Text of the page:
Most people think of Vitamin C as the go-to nutrient for immune support.
Consumers are less aware of the importance of Vitamin C for building and maintaining muscle. Though it has been a popular tool for body builders and other athletes for a number of years, it is less known among the general public.
Now new research is showing that Vitamin C helps people over 50 retain muscle mass in later life.
The study, published in The Journal of Nutrition, found that older people who consumed plentiful amounts of Vitamin C foods had the best skeletal muscle mass.
Large scale analysis
The study was conducted at the University of East Anglia in Norwich, England. The research team studied data from more than 13,000 people aged between 42-82 years, who are taking part in the European Prospective Investigation into Cancer and Nutrition (EPIC).
Researchers calculated their skeletal muscle mass and analyzed their Vitamin C intakes from a seven-day food diary. They also examined the amount of Vitamin C in their blood.
Dr Richard Hayhoe, from University of East Anglia’s Norwich Medical School, said: “We studied a large sample of older Norfolk residents and found that people with the highest amounts of Vitamin C in their diet or blood had the greatest estimated skeletal muscle mass, compared to those with the lowest amounts.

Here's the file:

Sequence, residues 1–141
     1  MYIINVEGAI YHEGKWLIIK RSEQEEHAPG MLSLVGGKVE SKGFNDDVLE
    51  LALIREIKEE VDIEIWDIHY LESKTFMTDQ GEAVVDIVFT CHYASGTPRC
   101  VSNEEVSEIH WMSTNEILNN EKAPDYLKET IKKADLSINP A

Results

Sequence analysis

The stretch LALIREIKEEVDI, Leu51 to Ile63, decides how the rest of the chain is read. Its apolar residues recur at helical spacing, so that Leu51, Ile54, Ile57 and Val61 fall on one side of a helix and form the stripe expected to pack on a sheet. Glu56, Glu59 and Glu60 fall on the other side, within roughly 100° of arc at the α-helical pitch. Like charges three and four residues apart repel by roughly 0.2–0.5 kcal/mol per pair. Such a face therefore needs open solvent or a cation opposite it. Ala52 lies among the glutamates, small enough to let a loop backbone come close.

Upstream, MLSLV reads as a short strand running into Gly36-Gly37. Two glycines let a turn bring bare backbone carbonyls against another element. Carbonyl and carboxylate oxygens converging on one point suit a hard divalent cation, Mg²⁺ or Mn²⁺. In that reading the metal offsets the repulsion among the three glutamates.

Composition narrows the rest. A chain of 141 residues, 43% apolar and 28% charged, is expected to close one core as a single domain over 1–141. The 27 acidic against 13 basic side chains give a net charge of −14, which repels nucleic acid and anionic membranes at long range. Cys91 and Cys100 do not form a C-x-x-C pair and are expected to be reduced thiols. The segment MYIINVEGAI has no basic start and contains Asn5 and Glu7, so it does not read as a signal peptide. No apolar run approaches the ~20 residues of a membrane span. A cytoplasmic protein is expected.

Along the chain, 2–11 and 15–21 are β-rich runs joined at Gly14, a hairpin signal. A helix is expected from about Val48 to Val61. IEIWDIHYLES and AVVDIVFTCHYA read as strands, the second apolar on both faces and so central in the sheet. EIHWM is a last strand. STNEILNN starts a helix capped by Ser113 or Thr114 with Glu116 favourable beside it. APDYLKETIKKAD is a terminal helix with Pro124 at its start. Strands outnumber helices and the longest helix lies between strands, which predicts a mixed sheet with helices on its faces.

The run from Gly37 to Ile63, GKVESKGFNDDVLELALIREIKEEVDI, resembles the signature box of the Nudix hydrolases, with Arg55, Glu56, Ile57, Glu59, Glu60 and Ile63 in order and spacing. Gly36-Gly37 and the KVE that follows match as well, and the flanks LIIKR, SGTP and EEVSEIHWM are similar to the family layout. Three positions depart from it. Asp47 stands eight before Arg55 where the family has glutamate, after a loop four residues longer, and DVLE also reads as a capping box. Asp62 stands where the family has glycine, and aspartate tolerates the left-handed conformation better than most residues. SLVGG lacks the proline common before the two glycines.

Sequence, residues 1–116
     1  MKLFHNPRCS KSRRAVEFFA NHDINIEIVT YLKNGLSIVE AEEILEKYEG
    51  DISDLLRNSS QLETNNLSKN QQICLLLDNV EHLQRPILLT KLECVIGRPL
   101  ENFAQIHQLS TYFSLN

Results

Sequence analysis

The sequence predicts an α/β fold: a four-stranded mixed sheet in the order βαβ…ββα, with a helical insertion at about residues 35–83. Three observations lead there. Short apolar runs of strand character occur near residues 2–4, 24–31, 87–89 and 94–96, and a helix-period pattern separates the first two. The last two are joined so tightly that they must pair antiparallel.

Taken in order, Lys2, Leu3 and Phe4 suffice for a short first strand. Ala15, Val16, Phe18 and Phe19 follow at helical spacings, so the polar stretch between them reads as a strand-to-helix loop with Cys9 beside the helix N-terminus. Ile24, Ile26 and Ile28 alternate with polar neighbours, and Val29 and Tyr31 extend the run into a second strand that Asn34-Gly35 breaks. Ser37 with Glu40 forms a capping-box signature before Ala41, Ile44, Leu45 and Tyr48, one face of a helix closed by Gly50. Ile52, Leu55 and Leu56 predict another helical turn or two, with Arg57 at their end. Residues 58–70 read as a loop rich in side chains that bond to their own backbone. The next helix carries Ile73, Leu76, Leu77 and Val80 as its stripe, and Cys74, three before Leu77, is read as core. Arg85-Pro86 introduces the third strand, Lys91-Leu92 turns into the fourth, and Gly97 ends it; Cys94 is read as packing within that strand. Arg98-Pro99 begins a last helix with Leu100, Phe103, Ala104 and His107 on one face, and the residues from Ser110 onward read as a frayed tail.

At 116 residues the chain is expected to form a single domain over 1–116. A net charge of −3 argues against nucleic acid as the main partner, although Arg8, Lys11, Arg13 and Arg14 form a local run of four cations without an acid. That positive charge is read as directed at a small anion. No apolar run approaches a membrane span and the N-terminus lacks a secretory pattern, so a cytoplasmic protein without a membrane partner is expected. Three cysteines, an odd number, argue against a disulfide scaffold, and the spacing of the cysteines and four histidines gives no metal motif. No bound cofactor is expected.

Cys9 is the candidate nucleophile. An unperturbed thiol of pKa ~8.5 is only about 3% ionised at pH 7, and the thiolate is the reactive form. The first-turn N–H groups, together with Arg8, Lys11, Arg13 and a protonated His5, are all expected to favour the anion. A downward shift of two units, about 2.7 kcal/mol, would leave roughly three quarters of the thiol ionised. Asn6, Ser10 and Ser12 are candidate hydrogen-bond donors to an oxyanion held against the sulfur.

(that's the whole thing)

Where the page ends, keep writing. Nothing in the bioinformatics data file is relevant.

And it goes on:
“We are very excited by our findings as they suggest that dietary Vitamin C is important for muscle health in older men and women and may be useful for preventing age-related muscle loss.”
Declining muscle mass prevalent
The researchers noted that the study was vital in light of the dismal statistics on aging and muscle mass.
Other studies have shown that people over 50 lose up to one percent of their skeletal muscle mass each year. This loss, which can lead to other health issues and injuries, is estimated to affect more than 50 million people worldwide.
According to Professor Ailsa Welch, the lead researcher of the study, the potent antioxidant properties of Vitamin C may prevent long-term oxidative damage of the cells and tissues within skeletal muscle.
“Unopposed these free radicals can contribute to the destruction of muscle, thus speeding up age-related decline,” Welch said. “But until now, few studies have investigated the importance of Vitamin C intake for older people. We wanted to find out whether people eating more Vitamin C had more muscle mass than other people.”
Other details found in the meta-analysis include:
• Muscle atrophy is reversed when appropriate amounts of Vitamin C is introduced into the diet.
• The muscle mass increase was higher for women, who were found to have 3.9% greater mass than women with low Vitamin C. Though still statistically relevant, the improvement for men was lower.
• 60% of men and 50% of women were not consuming as much Vitamin C as they should, suggesting the population at large needs to vastly improve Vitamin C intake.
The good news
One positive determination made by the researchers is the ease with which a reversal can be made by those whose Vitamin C intake is insufficient.
According to the researchers, most people could reach a suitable intake by simply adding one citrus fruit and one side vegetable to their daily intake.
The next best thing to eating Vitamin C foods is to supplement with a product made from real foods. Optimal Whole C from Optimal Health Systems is created with acerola cherry, orange, black currant and other foods.
“Ascorbic acid” products provide only a portion of the complete Vitamin C. So, skip the “partial Vitamin C” products and receive the full benefit of a whole food Vitamin C with Optimal Whole C!
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Sources: University of East Anglia, The Journal of Nutrition.